This review comes from BookPeople Inventory Manager Jan Day
Shaking off the dregs of winter, we’ve finally shed our coats and exposed our naked limbs to the sun, shining more on our upturned faces. Sunshine is never more welcome than in springtime. (We haven’t been crushed by those three-digit heat waves that will inevitably arrive within a few weeks.) We share this with plants. Plants and humans both open up during the spring.
Lab Girl, a memoir of green life by three-time Fulbright scholar recipient Hope Jahren, begins in the cold winter of Minnesota where Jahren grew up playing in the lab of her earth scientist father. The cold was not limited to the elements, however; Jahren describes the lack of emotion shown within Scandinavian families which eventually led her to building an unusual familial-professional relationship with Bill, a disaffected loner who became her full-time research partner and (sometimes literal) partner in crime.
From frigid Minnesota, Jahren’s memoir warms as she details her life and her life’s work from fighting to be taken seriously as a woman in a STEM field while being a workaholic suffering from manic depression, building new labs in three different states, finding love and raising a child–all in the wake of new discoveries. Chapters alternate between biological lectures on the diversity of plant life, and her own coming-of-age as a scientist; deftly illustrating that all life is related and parallelistic, from the most ancient trees to the youngest human minds and hearts.
Because Jahren so explicitly feels the interconnectedness of things (on a biological, if not spiritual level), her attitude towards her subject is rife with commentary that is just this side of inspiring: “Each beginning is the end of a waiting. We are each given exactly one chance to be. Each of us is both impossible and inevitable. Every replete tree was first a seed that waited.” Even the most excruciating details of the tedious grant-writing process or lab mistakes or awkward (sometimes dangerous) field trips with students are all imbued with color and humor. Jahren details the excruciating grunt work of grant-writing (accounting) all the way to the thrill of simply going afield with a backpack of flasks and field notebooks and waiting for an hypothesis to arise from pure observation.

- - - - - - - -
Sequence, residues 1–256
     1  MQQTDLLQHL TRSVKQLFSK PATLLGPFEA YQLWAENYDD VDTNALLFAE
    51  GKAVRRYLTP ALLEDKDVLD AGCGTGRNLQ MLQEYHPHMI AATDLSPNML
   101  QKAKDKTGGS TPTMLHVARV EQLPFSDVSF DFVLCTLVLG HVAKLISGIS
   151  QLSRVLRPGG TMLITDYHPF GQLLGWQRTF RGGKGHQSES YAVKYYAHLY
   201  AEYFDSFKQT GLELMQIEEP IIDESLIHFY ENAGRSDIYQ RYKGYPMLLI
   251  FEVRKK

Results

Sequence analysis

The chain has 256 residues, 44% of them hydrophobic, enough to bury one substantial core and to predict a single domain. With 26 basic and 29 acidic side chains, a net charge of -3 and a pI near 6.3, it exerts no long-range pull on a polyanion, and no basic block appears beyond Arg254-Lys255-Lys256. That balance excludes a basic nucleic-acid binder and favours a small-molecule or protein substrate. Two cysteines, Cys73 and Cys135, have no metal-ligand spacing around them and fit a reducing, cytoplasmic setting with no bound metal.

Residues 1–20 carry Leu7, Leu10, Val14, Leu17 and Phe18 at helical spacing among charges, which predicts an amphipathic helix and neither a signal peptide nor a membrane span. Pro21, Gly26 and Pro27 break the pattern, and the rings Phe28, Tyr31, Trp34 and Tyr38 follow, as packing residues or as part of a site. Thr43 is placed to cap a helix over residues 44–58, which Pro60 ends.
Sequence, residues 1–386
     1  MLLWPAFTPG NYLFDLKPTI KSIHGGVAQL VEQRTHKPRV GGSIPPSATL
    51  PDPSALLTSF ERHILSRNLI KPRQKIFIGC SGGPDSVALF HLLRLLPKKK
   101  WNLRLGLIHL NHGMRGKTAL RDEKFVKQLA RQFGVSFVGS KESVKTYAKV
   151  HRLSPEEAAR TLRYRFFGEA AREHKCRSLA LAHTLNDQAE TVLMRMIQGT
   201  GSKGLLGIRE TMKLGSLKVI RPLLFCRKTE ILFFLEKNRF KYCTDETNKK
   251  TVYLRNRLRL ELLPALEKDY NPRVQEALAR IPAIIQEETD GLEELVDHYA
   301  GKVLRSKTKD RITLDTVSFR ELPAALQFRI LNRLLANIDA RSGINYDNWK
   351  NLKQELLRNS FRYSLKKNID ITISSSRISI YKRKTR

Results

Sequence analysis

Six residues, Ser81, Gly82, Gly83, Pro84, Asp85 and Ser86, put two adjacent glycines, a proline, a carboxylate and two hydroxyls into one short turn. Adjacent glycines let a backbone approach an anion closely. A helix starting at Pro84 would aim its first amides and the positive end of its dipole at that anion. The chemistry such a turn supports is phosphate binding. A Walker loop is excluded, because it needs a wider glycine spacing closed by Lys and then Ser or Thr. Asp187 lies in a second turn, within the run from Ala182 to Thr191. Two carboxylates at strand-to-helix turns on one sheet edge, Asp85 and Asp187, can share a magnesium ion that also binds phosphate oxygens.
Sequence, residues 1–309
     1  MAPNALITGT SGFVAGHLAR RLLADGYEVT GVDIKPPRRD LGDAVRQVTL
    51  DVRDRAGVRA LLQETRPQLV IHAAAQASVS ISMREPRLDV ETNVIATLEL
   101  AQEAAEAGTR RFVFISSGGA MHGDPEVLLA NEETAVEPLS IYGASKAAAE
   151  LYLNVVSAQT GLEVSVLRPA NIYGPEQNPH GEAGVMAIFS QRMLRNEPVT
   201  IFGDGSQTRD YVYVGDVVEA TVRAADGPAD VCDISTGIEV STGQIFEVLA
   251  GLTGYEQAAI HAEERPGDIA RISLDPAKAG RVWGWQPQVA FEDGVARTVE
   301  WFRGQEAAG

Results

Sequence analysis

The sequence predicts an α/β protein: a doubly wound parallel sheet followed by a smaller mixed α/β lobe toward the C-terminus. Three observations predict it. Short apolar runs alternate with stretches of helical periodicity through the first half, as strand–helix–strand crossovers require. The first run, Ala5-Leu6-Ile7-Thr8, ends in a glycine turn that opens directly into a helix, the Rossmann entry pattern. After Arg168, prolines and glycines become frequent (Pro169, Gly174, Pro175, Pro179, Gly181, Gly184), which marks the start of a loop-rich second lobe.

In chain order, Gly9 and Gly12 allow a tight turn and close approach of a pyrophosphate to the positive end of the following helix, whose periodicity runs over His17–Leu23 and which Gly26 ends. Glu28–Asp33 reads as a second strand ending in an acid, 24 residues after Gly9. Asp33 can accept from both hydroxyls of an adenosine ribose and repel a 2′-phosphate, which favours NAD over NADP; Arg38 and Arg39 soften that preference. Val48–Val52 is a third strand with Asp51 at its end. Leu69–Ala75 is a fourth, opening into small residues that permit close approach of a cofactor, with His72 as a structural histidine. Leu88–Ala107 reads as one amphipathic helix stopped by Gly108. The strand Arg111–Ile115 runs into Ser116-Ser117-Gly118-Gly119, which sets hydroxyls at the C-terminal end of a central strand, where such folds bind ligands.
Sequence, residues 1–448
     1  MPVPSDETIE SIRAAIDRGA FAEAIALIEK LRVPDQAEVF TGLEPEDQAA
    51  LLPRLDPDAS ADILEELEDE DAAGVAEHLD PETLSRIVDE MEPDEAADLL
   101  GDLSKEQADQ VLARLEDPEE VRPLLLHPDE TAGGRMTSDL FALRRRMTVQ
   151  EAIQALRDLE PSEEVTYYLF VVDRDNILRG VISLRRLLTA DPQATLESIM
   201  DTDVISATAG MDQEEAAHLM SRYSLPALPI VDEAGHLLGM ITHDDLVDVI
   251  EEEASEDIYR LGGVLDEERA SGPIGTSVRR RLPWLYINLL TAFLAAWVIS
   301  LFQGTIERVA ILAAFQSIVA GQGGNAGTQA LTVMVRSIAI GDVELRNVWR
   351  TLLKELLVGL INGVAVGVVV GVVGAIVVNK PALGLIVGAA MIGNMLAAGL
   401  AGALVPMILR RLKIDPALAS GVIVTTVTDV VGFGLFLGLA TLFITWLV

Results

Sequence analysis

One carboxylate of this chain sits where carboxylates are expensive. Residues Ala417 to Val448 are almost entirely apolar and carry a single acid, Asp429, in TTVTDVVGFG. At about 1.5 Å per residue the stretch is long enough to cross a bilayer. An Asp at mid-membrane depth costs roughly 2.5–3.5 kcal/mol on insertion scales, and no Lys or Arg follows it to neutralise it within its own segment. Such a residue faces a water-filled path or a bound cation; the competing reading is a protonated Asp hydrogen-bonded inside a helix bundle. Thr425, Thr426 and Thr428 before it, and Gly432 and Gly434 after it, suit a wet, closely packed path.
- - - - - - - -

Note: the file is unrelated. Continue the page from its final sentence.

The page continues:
This is a book about discovery. From the discovery of a young scientist who observes and records something for the first time to the discovery of the wealth of life that inhabits your own back yards. One of the essential questions that Jahren asked of herself and her science early in her career is “what it’s like to be a plant” and that is the foundational question of this book. Through Lab Girl I discovered what it is like to actually care for a plant. The Devil’s ivy I received after I read this book remains, to this day, the first plant that has not only survived my attentions, but thrived. Not because Jahren told me the steps by which to care for this plant, but because she made me understand what it is like to be a plant and how we affect each other.
With Lab Girl, spring has officially arrived. You’ll want to carry this book into the sunshine and dig your bare toes into the dirt. You’ll want to wind flowers and twigs in your hair. You might go out and actually hug a tree.